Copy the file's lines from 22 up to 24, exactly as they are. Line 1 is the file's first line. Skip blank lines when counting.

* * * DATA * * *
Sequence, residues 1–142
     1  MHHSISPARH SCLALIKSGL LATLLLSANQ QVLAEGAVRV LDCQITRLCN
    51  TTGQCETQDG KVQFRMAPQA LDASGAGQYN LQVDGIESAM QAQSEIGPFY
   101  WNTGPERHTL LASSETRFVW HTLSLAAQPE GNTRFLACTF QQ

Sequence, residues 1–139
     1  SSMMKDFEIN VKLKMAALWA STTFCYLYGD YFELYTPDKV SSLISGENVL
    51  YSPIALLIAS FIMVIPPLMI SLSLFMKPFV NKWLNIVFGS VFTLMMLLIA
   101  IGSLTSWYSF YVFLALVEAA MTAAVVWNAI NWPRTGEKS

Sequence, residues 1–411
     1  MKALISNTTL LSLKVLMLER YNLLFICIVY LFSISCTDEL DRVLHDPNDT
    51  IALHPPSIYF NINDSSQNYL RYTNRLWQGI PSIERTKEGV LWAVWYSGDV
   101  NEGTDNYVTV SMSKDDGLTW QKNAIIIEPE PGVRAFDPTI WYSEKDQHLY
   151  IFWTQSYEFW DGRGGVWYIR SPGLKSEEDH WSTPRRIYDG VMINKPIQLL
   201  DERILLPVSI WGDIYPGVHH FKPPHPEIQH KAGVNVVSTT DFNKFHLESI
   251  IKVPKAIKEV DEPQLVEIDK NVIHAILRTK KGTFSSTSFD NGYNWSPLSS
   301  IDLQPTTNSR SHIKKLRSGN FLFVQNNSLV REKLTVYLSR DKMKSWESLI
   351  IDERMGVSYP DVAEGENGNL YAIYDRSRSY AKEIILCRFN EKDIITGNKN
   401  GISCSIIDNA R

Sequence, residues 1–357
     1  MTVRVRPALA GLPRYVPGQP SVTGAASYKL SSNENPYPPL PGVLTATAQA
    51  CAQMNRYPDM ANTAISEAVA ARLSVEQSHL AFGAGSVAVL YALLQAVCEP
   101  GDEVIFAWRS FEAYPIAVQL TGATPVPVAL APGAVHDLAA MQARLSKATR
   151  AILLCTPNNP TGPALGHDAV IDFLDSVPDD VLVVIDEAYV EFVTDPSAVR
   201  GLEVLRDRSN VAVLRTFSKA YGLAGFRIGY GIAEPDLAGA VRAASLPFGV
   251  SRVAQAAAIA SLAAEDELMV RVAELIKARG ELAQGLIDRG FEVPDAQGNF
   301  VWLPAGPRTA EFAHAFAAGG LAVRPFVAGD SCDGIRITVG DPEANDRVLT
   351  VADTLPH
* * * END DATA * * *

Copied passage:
   101  GDEVIFAWRS FEAYPIAVQL TGATPVPVAL APGAVHDLAA MQARLSKATR
   151  AILLCTPNNP TGPALGHDAV IDFLDSVPDD VLVVIDEAYV EFVTDPSAVR
   201  GLEVLRDRSN VAVLRTFSKA YGLAGFRIGY GIAEPDLAGA VRAASLPFGV